Elise Cooper for BLACKFIVE
Major General Anthony Cucuio’s implementation of a policy last month making pregnancy a punishable offense stirred debate on whether the army’s policy was discriminatory against women. Retired Major Merideth A. Bucher who wrote the articulate article, “The Impact of Pregnancy on US Army Readiness,” adamantly feels the need for a policy to deal with the problems created by pregnant soldiers.
There are sacrifices American soldiers must make, some of which cannot even be imagined. Since the current military service is voluntary and the deployment date is given about a year in advance, the individual who joins, male or female, agrees to become ready for deployment. Bucher explained that “military service is a sacrifice. If they can’t make the sacrifice maybe they are in the wrong line of work. They signed on the bottom line.”
She passionately felt that a pregnant soldier has a major impact on their unit. The example cited was of a supply sergeant who becomes pregnant. Bucher commented that “it would be extremely difficult to replace her since her job is crucial to the unit.”
She emphatically felt that the role of a soldier is to perform their duty by being an intricate part of a unit. Bucher pointed out that by losing one person everyone else has to work that much harder to get the mission accomplished. Just think about all those cases when athletes were irresponsible by taking chances and getting injured. By being unavailable to play, the whole team was hurt. Soldiers being part of a unit are no different.
Does Bucher think the male soldiers get a free pass? Her answer was “yes, but guess what, life is not fair. Women will have to live with that difference forever. As a female military person you assume different burdens than your male counterpart.” By getting pregnant, a soldier makes all women vulnerable to the argument that they did it to get out of the deployment. She commented that “it weakens every female soldiers standing as a member of that unit.”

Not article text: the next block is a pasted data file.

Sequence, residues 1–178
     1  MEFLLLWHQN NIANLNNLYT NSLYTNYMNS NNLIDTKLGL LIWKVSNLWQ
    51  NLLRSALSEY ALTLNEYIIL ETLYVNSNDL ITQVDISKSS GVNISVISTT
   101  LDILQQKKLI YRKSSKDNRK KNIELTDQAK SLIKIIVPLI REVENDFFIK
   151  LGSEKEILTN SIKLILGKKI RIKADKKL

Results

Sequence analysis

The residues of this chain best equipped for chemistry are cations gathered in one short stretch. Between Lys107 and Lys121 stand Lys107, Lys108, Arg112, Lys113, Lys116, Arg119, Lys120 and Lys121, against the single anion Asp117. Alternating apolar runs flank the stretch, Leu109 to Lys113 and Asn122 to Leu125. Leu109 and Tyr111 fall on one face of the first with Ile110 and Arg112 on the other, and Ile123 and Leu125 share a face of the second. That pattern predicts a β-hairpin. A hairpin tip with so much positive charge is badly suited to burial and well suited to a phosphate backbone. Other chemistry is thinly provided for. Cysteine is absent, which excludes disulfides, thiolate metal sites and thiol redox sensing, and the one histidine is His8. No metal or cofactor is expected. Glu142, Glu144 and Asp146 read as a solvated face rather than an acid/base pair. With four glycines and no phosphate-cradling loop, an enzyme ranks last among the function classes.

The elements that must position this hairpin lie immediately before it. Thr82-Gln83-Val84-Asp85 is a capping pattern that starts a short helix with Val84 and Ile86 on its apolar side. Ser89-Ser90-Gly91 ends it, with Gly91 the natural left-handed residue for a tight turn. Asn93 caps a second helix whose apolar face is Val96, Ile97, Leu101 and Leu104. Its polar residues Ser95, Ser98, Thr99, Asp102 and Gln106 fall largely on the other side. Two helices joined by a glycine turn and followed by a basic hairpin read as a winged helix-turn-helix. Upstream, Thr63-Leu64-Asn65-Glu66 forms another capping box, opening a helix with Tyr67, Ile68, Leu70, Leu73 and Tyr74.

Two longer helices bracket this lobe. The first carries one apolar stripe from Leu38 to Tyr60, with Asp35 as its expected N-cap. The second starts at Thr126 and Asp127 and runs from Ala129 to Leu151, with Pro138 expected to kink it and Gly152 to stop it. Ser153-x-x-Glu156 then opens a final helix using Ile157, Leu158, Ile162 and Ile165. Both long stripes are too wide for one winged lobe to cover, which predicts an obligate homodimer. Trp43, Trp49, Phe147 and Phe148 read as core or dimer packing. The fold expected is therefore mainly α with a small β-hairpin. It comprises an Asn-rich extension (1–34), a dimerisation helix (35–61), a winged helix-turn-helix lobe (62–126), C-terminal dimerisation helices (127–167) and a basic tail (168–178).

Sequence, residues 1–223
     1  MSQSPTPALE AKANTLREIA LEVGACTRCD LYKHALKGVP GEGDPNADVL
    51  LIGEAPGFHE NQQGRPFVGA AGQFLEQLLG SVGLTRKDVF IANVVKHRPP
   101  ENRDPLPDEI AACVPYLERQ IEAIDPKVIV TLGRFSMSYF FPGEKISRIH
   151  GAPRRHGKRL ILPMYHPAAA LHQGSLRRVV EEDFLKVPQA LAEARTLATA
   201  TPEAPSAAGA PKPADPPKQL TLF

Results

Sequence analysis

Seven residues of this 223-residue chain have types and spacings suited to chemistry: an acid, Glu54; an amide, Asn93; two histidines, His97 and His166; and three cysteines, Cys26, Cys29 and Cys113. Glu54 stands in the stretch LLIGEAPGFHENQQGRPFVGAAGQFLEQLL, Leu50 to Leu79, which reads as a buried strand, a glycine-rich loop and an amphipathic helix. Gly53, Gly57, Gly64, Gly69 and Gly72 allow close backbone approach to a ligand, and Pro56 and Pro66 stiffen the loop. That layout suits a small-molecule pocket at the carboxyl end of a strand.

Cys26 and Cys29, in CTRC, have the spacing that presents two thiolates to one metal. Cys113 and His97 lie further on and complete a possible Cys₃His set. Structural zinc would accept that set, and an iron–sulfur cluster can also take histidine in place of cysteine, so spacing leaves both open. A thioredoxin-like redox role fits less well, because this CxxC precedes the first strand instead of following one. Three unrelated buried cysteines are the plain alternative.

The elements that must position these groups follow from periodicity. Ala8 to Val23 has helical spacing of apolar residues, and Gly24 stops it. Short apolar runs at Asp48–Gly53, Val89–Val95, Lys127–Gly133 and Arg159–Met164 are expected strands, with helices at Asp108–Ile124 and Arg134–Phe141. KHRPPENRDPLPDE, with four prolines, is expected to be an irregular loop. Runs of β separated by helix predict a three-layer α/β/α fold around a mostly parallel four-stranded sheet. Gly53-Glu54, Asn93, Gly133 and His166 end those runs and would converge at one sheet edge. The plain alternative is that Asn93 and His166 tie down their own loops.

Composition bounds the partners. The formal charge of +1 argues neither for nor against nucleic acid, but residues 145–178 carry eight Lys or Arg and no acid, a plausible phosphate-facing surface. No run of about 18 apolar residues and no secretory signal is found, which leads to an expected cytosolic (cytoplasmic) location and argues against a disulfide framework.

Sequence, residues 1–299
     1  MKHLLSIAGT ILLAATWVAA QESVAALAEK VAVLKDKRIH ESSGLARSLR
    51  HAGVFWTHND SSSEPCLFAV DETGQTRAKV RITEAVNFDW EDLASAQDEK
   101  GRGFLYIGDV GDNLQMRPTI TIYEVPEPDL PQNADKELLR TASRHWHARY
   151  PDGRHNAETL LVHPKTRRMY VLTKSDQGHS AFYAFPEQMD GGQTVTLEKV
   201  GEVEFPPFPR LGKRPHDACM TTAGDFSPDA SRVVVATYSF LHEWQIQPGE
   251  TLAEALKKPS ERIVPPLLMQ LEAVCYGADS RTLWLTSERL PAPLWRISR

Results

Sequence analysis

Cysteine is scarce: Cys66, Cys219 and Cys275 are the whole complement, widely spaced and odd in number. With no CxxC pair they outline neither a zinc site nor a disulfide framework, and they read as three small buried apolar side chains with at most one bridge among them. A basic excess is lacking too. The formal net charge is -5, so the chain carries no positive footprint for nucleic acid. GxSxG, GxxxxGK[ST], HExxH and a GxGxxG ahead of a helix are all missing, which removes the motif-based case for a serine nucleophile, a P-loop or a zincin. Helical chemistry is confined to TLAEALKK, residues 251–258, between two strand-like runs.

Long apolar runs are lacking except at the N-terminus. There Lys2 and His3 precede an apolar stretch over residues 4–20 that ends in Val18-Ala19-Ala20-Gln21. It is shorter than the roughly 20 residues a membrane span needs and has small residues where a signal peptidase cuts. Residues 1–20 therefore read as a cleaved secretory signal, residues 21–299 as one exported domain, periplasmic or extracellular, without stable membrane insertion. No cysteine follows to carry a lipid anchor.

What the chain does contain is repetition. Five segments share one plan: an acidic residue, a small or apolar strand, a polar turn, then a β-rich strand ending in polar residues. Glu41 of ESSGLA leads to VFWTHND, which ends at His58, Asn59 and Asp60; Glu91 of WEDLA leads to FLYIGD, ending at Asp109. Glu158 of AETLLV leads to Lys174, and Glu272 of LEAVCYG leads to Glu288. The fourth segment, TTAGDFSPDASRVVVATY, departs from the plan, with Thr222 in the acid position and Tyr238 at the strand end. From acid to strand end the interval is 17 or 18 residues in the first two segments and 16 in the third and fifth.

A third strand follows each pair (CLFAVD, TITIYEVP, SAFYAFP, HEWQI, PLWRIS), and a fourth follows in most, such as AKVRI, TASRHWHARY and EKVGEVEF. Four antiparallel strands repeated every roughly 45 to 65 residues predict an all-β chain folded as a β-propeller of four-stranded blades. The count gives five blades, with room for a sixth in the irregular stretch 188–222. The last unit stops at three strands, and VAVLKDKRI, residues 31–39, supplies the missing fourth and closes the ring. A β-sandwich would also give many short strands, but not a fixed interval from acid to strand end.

Should those women who take the steps not to become pregnant be singled out, given the fact that no birth control is 100% full proof? Take for example a male soldier who goes on a motorcycle, bike, or skate board and becomes injured so he cannot be a part of the unit. Why is that any different than a woman who becomes pregnant while on birth control? In both cases the intent was not to be irresponsible and was accidental. After hearing this scenario Butcher stated “the argument is valid and makes sense.”
When thinking about this issue she wants people to understand that a uniform person has a completely different perspective than a civilian. She commented that “soldiers need to have very high levels of discipline.”